What is an arrhythmia?
The heart normally beats at a regular rhythm to supply the body’s heart, lungs, and other tissues with a steady, predictable supply of blood and oxygen. An irregular heartbeat is known as an arrhythmia, or a dysrhythmia.
Many people live everyday with arrhythmias. Some don’t even know it because there aren’t always symptoms. While anyone can develop an arrhythmia, there are certain factors that place people at risk for developing them.
There are different types of arrhythmias that include:
- bradycardia, which is a slower than normal heartbeat
- tachycardia, which is a faster than normal heartbeat
- atrial fibrillation, which is caused by electrical signals in the heart that cause an irregular heartbeat and cause the atrium to contract faster and more often than the ventricle contracts
- ventricular fibrillation, which is caused by the ventricle contracting very fast
- premature contraction, which is when the heart has an extra, early beat that makes an irregular rhythm
- atrial flutter, which is a condition where the heart’s atria beat too fast
People with a preexisting heart condition are at risk for developing an arrhythmia. Some heart conditions change the way the heart works, and over time this can cause the heart to change its beat or pace. Some of the risk factors include:
Coronary heart disease
Coronary heart disease is caused by a buildup of plaque or scarring on the heart or the blood vessels that supply blood to the heart muscle. The plaque buildup makes it more difficult for the heart to pump blood. This can slow heart rate, causing an arrhythmia.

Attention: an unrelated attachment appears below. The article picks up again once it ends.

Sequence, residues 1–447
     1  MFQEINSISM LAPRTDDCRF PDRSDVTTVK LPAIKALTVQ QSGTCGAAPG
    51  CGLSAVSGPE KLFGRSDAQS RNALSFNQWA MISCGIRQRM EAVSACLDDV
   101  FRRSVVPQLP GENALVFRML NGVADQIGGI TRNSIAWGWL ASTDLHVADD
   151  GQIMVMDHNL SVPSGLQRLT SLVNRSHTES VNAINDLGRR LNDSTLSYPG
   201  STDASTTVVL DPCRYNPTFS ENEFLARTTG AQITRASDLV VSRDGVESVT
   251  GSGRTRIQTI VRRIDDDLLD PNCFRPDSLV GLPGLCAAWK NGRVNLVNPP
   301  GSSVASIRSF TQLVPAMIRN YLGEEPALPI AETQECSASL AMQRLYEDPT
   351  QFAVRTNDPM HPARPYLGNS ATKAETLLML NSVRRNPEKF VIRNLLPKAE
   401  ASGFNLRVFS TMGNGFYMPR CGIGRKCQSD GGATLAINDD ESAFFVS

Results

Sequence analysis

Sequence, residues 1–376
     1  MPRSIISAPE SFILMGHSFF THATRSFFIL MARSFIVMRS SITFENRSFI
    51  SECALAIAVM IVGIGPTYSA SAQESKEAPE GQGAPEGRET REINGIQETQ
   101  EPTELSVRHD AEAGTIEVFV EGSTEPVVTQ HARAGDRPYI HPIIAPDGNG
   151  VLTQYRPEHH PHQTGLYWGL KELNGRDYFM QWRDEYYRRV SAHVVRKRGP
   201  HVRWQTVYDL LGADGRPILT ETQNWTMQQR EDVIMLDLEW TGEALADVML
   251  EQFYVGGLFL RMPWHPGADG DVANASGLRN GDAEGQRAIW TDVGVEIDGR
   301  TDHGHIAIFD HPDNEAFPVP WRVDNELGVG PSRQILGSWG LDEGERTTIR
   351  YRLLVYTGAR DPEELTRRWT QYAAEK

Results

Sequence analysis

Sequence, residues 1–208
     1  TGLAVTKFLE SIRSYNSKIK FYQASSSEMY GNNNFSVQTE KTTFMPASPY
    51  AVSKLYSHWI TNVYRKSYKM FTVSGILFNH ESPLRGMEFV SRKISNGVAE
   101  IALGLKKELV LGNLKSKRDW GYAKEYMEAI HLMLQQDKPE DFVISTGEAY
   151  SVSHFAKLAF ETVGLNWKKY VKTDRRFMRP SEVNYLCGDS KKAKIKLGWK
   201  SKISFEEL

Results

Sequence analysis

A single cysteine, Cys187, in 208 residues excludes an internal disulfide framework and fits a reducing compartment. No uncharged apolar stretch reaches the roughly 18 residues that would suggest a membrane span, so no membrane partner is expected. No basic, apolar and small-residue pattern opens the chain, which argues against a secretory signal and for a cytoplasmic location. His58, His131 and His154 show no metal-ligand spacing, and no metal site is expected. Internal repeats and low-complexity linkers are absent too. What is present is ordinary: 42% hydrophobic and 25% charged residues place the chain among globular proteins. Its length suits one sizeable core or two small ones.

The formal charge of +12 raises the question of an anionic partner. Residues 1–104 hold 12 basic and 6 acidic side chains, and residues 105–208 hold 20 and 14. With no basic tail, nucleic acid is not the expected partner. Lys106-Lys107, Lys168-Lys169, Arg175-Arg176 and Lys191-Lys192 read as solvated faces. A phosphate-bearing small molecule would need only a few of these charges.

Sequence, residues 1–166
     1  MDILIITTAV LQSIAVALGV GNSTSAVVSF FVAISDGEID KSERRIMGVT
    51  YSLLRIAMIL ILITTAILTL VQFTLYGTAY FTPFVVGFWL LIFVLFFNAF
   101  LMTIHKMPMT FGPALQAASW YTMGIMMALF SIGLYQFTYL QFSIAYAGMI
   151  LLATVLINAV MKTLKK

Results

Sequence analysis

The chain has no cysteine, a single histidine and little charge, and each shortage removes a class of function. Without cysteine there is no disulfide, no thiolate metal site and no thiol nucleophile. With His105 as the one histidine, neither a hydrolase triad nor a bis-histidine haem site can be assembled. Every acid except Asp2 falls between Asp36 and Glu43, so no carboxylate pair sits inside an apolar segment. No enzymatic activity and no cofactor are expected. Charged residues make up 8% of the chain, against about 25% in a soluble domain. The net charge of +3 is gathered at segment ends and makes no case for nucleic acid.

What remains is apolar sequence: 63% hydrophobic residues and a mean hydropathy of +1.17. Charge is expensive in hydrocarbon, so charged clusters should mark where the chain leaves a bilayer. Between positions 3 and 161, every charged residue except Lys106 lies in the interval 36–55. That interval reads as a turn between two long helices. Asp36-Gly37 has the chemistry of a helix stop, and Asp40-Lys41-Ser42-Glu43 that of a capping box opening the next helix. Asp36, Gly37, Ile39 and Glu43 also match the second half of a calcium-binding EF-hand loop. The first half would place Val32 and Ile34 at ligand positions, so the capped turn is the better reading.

Heart attack or heart failure
Heart attacks or heart failure can change the heart’s electrical impulses, leading to an increased risk of arrhythmia.
Endocarditis is an inflammation of the heart muscle. People with this condition often have atrial fibrillation.
Heart valve disease
Leaky or weak heart valves can cause changes in the way the heart beats, which can cause arrhythmias.
Congenital heart disorders
Sometimes people are born with heart conditions that affect the way the heart works. When this happens, the heart may be unable to produce a normal heartbeat.
Also, if you have ever had heart surgery, you have an increased risk for developing an arrhythmia.
Age, gender, and lifestyle
Age, gender, and lifestyle factors can also play a role in the development of arrhythmia. The
According to the American Heart Association, some types of arrhythmia are more common in certain genders. For example, men are slightly more likely to develop atrial fibrillation than women.
What you eat and drink can also have an effect on your heart’s rhythm. People who consume alcohol and other stimulants, like caffeine, are more likely to develop an arrhythmia. Drugs, including some cardiac medications that treat heart conditions, can cause an arrhythmia. If you smoke, you’re more likely to have an arrhythmia.
Other conditions can also place you at an increased risk for an arrhythmia, including:
- chronic lung disease
- pulmonary embolism, which is a clot that develops in the lungs
- emphysema, which is a disorder of the lungs
- sleep apnea
- thyroid disorder
- high blood pressure
- chemical imbalance that can occur due to a lack of potassium, magnesium, calcium, or other chemicals in the body necessary for maintaining a regular heart rhythm
Some people with arrhythmias live active, healthy lives, and in some cases, don’t even know they have an irregular heartbeat. However, if left undetected or untreated, serious and life-threatening problems like cardiac arrest or a stroke can happen.
Fortunately, there are things you can do to reduce your risk of developing an arrhythmia.
- Check your blood pressure regularly.
- Exercise on a regular basis.
- Maintain a healthy weight.
- Eat a healthy diet that promotes lower cholesterol levels.
- If you smoke, make a commitment to start a smoking cessation program. Smoking is a major risk factor for arrhythmia.